In this photo taken Wednesday, April 3, 2013, a Kenyan instrumentalist plays guitar at the first international music festival held for decades in Mogadishu, Somalia. The Reconciliation Music Festival, organized by Somali rap group Waayaha Cusub who moved overseas, has acted as another step in moving past a city soundscape once filled with gunfire and mortar shells. (Photo: AP)
Fuelled by the high-volume music and fast-talking rappers, the Somali crowd danced, shouted and sang.
Mogadishu's first music festival in decades acted as another step in moving past a city soundscape once filled with gunfire and mortar shells.
The Reconciliation Music Festival was organised by a Somali rap group who moved overseas, Waayaha Cusub. Last week's performances attracted international artists to a capital city that until recently was music-free.
Though still limited in the number of performances, the festival offered several events, among which most were broadcast live by the country’s national television.
Several concerts, held between 27 March - 3 April, were recorded, aiming to shed light on many issues that the Somali youth wishes to address. On 29 March the International Solidarity Concert played, followed by the Women’s Music Concert on 30 March, Youth Open Mic Concert on 1 April, Former Fighter Reconciliation Concert on 3 April and more.
"We want to change the world's impression toward Mogadishu as a dangerous city," rapper Shine Akhiyar told the crowd from the stage. "Mogadishu is more peaceful than many cities considered 'peaceful.' Through music, we are committed to fight extremism."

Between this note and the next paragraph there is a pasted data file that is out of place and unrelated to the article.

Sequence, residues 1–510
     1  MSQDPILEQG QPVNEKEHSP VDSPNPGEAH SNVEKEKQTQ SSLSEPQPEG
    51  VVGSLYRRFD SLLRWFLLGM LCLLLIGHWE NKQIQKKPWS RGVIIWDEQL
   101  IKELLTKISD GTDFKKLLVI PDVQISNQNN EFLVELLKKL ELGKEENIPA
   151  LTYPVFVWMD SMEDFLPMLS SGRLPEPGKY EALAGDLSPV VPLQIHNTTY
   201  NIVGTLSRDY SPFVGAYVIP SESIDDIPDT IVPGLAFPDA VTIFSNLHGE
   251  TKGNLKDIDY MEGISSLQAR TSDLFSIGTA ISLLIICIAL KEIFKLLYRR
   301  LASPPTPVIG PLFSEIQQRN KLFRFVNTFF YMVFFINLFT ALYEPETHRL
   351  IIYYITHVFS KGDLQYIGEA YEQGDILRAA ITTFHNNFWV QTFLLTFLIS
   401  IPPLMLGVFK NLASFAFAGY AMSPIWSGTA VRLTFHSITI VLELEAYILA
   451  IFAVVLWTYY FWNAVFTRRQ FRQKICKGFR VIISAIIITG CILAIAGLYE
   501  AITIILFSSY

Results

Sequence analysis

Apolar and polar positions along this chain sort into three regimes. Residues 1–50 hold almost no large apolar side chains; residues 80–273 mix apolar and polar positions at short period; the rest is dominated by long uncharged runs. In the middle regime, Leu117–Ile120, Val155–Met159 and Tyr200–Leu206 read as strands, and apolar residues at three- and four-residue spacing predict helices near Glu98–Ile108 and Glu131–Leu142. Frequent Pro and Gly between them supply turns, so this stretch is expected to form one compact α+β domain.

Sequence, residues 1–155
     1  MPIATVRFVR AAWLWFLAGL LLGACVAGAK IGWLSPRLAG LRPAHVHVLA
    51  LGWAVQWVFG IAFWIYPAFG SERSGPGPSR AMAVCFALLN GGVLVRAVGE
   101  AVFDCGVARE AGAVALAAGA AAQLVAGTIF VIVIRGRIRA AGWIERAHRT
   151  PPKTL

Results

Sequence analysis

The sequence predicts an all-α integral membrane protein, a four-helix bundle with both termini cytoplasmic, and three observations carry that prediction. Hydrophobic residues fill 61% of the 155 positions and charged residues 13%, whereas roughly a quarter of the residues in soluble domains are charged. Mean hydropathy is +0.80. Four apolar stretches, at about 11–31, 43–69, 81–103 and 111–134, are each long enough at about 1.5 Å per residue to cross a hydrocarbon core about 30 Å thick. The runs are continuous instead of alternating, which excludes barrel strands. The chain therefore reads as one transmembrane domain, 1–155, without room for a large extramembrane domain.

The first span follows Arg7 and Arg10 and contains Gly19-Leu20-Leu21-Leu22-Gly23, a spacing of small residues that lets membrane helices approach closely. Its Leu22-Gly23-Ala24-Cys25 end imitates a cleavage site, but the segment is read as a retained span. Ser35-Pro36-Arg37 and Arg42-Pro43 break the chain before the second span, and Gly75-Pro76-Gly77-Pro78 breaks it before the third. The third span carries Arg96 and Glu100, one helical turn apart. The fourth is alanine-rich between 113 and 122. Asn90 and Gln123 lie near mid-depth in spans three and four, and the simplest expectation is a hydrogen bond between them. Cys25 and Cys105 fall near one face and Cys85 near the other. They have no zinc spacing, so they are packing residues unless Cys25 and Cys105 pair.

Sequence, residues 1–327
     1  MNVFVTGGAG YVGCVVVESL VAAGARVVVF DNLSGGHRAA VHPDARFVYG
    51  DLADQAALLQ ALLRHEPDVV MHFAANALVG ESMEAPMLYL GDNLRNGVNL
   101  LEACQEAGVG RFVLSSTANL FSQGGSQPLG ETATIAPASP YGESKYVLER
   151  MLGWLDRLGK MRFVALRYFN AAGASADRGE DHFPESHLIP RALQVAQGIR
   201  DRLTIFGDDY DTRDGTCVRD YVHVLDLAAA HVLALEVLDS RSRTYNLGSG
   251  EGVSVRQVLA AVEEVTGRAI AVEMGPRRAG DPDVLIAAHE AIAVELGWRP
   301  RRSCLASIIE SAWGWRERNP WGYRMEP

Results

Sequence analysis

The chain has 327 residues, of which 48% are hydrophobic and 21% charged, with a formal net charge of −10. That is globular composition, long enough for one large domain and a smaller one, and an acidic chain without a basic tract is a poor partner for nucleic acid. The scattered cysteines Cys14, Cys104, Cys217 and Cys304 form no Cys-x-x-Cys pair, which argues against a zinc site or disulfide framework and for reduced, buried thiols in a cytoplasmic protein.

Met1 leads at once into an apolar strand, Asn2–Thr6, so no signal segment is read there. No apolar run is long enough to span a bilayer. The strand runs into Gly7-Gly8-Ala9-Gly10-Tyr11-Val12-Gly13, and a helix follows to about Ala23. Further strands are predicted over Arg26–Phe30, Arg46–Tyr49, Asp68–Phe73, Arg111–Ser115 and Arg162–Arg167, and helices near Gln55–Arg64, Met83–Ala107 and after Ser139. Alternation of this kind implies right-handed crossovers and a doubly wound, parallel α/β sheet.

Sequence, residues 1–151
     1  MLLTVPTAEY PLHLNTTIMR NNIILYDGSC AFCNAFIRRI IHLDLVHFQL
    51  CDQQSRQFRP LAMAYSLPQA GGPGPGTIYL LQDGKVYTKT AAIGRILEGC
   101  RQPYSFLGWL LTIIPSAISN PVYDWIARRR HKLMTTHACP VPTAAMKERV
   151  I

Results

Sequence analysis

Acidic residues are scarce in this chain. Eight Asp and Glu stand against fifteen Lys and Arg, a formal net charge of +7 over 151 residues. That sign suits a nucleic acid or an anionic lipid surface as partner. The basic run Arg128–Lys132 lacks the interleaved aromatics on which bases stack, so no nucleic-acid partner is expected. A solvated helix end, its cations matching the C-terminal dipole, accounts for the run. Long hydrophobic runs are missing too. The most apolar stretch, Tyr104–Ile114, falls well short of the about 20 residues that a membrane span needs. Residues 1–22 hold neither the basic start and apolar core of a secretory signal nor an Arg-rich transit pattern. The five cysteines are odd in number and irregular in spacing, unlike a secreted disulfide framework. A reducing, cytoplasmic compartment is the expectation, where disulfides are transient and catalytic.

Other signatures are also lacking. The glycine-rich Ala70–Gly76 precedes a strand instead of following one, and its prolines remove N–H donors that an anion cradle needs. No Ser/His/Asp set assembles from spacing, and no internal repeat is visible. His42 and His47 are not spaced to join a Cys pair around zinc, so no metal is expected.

The militant group Al-Shabaab ruled Mogadishu from 2006 until the fighters were forced out in August 2011. No lyrical stanzas were allowed in Al-Shabaab-controlled areas and the Al-Qaeda-linked militants banned music as a "sin," punishable by public flogging.
Two years ago, an Al-Shabaab spokesman threatened Waayaha Cusub after it produced a song disparaging the militants' rule and what they seem to consider, in sum, as the militant's penchant for killing civilians.
For the cheering audience in this seaside capital, the winds of change were audible.
Since Al-Shabaab was ousted, Somali cultural life seems to be witnessing a resurgence. Previously closed by the ruling Islamic Courts Union, several arts studios are now reopening, among them Shik Shik Arts, which exhibits and sells art as well as provides training to local artists.
Starting mid-2011, music returned to the national radio stations and on 19 March 2012 the first concert held in Mogadishu was also the first music event to be broadcasted by local television.
While the music scene is gradually returning, Somalia still has a long way to go to regain its rich cultural past. The packed open-air venues of the 1980s have been bombed to rubble or occupied by squatters. The music has changed, too. Gone are the songs about love and romance. Instead, new tracks explore the struggle for peace.